Dismissed, I gingerly made my way down the ladder to my galley and yanked the giant frozen “snapper” out of the freezer, praying I had some fresh cilantro hiding somewhere so our guest could get involved. Meanwhile, we did a little sailing and I whipped up a BBQ sauce (something I’ve never in my life done but will absolutely do again as it was so delicious) and some shortcakes. The giant cauldron of thick sauce bubbled and popped on the stove as we hit 18 knots and I struggled to keep my feet under me. I prayed that someone had really really thought through this whole stove/kimball situation, as I saw my life flash before my eyes imagining my feet being consumed by this hot lava should it fall on the floor. My shortcakes didn’t fare too well as they slid to one side of the oven, never to recover their intended shape, looking in the end more like droopy boobs than a dessert, but I just told myself the peaches and cream would disguise them.
Once we arrived at the private lagoon where we’d be dining that evening (picture postcard perfect) I could get down to business. It’s times like this one that I really do feel my midwestern roots are inescapable. We do BBQ food well, eating outdoors well, but there’s also a very firm idea of what makes up a picnic of this sort and somehow I just knew that my vision and my guests’ were not quite the same. The crew were to be eating on shore (but to one side) too and in the end it was for them that I concocted my vision of the Greek Beach BBQ: Asian Slaw, Potato Salad, Watermelon Salad, Ribs, Kabobs, Sausages and that damn fish which was eyeing me from the sink where it was still defrosting.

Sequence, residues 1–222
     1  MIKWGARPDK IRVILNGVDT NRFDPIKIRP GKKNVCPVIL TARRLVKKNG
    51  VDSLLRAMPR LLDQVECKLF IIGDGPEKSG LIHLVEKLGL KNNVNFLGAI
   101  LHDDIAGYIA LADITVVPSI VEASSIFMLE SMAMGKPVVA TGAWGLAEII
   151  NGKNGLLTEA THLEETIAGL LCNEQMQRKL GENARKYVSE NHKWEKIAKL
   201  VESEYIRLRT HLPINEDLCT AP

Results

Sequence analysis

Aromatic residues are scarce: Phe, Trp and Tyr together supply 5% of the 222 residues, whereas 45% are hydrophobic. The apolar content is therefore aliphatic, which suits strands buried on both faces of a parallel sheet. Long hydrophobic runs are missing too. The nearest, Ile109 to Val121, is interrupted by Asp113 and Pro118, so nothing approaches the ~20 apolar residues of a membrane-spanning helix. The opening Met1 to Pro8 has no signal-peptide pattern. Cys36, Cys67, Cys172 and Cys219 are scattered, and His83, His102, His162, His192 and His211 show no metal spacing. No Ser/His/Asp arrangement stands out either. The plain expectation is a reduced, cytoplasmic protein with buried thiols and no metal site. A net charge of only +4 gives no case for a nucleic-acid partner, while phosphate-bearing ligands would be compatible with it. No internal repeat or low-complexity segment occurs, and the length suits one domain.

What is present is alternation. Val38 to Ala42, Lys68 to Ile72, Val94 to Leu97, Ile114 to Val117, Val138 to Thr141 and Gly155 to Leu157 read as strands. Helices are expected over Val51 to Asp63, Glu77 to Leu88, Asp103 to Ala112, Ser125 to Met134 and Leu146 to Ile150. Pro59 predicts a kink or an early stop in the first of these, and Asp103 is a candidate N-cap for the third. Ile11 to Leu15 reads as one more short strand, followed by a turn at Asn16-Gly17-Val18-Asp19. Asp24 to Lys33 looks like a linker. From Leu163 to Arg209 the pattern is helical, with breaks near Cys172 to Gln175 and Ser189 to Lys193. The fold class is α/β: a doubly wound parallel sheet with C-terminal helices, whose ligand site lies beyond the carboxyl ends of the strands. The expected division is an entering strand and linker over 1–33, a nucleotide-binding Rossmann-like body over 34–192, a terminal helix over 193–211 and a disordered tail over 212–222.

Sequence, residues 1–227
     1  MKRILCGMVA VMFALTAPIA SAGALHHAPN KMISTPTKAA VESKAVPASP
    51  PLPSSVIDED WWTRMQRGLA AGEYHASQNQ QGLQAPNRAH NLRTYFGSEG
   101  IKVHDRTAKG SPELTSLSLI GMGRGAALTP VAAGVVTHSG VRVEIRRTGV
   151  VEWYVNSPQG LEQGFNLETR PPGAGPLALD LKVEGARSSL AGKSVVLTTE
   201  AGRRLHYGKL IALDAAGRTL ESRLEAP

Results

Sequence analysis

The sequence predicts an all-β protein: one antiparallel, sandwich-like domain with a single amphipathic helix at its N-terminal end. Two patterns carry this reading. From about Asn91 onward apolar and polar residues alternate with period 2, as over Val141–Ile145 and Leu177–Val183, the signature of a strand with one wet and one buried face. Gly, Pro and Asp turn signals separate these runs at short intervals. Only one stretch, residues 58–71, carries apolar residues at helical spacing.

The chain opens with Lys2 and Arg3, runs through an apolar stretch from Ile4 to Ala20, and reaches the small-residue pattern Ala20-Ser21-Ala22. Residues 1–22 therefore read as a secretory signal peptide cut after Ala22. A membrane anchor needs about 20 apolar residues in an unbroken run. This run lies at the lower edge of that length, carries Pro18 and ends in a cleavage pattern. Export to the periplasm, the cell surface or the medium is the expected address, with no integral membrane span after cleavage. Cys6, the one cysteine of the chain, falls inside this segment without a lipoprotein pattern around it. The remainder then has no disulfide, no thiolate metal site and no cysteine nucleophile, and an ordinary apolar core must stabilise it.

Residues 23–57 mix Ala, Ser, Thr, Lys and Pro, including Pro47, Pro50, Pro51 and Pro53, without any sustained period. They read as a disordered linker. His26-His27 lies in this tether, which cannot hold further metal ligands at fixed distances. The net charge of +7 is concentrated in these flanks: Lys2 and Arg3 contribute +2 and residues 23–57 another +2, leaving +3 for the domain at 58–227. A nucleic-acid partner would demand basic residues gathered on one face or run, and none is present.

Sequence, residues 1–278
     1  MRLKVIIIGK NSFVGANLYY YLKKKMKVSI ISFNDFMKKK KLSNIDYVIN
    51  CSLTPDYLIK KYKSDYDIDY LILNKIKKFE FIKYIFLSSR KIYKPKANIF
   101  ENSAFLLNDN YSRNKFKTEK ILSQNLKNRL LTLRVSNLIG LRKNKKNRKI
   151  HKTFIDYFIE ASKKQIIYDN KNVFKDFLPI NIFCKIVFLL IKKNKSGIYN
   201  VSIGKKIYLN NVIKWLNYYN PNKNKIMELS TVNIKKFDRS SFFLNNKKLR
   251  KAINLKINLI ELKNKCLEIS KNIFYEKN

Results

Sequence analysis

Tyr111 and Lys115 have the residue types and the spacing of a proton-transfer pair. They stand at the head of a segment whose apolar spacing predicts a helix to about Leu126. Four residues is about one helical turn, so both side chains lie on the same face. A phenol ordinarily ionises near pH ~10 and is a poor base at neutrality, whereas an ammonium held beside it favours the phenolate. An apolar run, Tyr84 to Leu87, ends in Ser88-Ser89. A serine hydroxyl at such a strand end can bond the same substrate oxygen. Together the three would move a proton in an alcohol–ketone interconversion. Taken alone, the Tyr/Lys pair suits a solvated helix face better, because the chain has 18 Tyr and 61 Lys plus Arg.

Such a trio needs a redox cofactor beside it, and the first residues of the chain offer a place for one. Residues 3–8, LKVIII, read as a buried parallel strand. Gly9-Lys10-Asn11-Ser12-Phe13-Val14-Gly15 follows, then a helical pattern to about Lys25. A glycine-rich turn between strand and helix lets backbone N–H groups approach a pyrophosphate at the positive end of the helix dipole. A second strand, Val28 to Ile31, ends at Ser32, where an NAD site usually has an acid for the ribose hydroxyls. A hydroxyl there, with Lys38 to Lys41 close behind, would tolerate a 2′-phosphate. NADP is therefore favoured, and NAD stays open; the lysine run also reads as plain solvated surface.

The mad dash began with the deckhands going on shore to gather firewood (and do some sneaky swimming) while the stewardesses pulled out plastic plates and cups and serving ware from underneath some floor board or another. Cushions had to be cleaned, citronella candles found, coolers of drinks (one for the crew and another for the guests) full of favorite drinks stocked. I just chopped away preparing food for the 12 who would be eating and grateful at the prospect of not being trapped in my little galley for the evening. I went ashore with all of my goodies and arranged them on the blanket. The boat’s captain was in charge of the grill and we started to put all of the meats on it. Meanwhile, that fish still lay untouched in its plastic wrapping – thawed just in time. Since our guest “quite wanted to get involved” I hadn’t touched the thing but had a roll of foil, lots of salt, lime slices and stems of cilantro (it was all I had left).